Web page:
The first ranger we talked to told us an old Grand Canyon adage: down is optional, but up is mandatory.
We chose the north rim for a few reasons. First, it attracts far fewer visitors (everything I read said the north rim gets around 10% of annual Grand Canyon park-goers) so we hoped to avoid crowded trails. Second, the temperatures in Arizona kept climbing and that extra 1000 feet of elevation would keep us cooler longer.
We didn’t expect to pull into a snow-covered campground, though!
The North Rim campground books up far in advance, so we set up camp about 45 miles from the entrance to the park. I’d recommend the Jacob Lake campground to anyone who likes quiet, doesn’t mind a (beautiful, winding through a pine forest) drive, and likes pancakes.
We took it easy that first day to adjust to the higher elevation, exploring Cape Royal and the Cliff Springs trail.
We felt a few snow flurries before the fog rolled in.
That night put our sleeping bags to the test, as the temperature dropped into the mid-20s and we woke to frost on everything. Perfect (cold) weather to attempt a hike down into the canyon!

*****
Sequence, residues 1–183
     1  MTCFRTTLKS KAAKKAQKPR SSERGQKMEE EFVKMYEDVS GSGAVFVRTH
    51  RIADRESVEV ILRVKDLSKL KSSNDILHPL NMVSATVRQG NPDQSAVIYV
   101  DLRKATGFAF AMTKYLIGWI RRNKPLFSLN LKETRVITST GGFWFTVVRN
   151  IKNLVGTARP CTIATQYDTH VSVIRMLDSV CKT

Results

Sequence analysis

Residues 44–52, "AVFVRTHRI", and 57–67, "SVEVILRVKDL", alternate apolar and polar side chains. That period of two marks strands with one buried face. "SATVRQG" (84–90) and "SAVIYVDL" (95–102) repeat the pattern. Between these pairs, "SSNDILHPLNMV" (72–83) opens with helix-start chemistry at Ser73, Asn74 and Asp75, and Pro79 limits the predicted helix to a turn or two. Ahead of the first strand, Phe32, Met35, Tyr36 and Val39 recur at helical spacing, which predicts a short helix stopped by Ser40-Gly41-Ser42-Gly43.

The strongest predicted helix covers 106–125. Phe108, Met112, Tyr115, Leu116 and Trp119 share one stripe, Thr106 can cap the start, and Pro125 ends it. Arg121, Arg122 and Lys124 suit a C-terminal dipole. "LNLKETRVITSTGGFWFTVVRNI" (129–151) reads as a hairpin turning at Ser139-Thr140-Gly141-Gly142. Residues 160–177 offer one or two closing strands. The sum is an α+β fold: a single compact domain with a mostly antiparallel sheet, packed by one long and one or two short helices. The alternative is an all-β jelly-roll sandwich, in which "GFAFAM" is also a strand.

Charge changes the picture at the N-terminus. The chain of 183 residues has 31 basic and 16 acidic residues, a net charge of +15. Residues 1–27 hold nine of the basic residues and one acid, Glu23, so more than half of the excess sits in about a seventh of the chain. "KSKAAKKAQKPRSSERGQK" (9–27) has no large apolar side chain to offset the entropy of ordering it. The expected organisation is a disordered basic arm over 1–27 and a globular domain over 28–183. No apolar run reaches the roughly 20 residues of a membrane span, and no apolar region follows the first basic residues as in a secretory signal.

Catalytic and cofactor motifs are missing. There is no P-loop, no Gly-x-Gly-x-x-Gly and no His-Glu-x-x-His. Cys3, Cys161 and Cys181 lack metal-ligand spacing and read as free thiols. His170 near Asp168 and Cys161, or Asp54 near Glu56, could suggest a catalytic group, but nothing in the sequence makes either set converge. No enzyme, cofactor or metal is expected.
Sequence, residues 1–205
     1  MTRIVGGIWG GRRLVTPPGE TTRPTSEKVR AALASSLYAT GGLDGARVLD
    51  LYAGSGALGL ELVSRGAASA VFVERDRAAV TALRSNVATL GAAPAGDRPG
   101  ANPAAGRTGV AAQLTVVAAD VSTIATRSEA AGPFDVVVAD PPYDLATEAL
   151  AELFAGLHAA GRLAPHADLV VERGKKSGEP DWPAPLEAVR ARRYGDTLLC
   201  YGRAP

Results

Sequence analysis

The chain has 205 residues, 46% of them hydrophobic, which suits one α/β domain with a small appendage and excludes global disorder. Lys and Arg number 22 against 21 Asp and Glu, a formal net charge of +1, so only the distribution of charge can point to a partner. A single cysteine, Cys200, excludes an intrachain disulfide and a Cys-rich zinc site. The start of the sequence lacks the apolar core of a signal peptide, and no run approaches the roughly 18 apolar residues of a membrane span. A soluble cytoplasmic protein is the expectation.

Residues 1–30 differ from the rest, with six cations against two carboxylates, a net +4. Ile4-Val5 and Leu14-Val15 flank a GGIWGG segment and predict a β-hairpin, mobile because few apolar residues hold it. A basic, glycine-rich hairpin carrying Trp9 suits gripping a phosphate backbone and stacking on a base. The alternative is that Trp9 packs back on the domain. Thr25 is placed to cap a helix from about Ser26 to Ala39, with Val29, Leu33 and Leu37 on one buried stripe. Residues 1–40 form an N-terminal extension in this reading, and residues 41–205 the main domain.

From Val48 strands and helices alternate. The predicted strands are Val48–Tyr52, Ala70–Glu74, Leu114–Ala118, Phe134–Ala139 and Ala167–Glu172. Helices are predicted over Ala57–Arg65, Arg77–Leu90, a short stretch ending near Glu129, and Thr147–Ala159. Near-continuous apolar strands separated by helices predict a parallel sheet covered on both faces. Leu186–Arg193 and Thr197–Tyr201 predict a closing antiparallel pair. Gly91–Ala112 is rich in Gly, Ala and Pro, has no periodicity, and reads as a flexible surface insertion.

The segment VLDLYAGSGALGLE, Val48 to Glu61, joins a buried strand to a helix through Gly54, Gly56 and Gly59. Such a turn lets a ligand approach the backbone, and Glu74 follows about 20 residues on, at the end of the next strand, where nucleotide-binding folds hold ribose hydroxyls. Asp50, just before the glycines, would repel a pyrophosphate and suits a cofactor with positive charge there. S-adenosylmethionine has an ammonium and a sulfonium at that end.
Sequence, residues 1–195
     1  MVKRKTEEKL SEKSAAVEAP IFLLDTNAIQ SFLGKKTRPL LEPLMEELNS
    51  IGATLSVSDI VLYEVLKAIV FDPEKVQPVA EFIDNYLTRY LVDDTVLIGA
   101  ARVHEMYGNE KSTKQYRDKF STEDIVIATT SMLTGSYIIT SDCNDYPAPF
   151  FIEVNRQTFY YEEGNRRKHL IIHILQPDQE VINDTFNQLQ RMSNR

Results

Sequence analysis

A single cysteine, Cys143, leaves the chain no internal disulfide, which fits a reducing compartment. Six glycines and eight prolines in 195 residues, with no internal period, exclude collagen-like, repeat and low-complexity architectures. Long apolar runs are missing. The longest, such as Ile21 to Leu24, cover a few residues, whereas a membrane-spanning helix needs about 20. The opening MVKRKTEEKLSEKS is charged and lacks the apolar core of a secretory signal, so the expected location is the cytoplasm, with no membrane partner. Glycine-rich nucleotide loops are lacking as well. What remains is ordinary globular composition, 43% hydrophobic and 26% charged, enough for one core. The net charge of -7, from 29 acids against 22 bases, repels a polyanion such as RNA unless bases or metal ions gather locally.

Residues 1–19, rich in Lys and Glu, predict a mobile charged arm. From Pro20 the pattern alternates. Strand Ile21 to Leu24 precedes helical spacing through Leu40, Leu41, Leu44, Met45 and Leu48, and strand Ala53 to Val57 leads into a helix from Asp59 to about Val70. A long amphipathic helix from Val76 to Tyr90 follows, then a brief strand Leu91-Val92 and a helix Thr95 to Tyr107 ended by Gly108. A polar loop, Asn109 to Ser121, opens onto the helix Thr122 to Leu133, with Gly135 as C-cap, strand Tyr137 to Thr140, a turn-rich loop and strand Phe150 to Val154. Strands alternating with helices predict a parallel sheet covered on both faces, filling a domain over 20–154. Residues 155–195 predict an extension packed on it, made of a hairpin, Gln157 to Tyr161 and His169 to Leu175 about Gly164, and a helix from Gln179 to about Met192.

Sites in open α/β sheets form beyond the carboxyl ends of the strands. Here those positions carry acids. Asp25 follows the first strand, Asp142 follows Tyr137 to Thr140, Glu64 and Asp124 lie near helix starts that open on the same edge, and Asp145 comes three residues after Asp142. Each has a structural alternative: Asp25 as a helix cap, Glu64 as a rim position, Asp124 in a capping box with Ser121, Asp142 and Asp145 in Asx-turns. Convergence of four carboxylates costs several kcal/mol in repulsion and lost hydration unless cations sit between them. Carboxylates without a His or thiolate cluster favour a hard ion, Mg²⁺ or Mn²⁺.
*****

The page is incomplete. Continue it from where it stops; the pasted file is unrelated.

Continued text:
The classic rim-to-rim hike follows the North Kaibab trail down 14 miles to the Colorado River, then up the South Kaibab trail 10 miles to the south rim, or vice versa. Some very fit people hike (or run!) this in a day; we are not those people. 4.7 miles one way down to Roaring Springs sounded like more our style, although I knew hiking back up over 3000 feet of elevation would be a challenge for me.
The last two miles up were brutal. I wouldn’t say I overestimated my abilities, since I knew I’d struggle, but between the unrelenting climb up of the switchbacks and the eye- and lung-searing odor of mule piss (sorry folks, but that was an unavoidable impression of this trail), I was quite happy to see the trailhead.
*Another note: I’ve been using the same gps-based hike tracker for almost three years, and she’s proved to be pretty accurate, within a few tenths of a mile of posted distances even on long hikes. She clocked us at over 12 miles on this hike.
The next day, both of our legs needed some stretching so we drove down a dirt road to the Widforss trailhead, a 10-mile out-and-back hike along the ridgeline of the Transept Canyon through aspens, ponderosa and blue spruce.
After that, we tried to drive to a viewpoint of the main canyon since we had primarily been hiking around side canyons, but dusk and too long on a bumpy dirt road got the better of my nerves in my little old car.
One last pancake breakfast the next morning and we were off north, back into Utah.